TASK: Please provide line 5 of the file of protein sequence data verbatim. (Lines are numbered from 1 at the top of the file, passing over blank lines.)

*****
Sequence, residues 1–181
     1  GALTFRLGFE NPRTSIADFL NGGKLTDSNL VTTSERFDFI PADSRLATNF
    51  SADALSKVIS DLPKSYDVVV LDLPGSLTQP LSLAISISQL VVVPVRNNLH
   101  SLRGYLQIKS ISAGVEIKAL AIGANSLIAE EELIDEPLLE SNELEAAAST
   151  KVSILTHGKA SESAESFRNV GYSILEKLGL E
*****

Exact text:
   151  KVSILTHGKA SESAESFRNV GYSILEKLGL E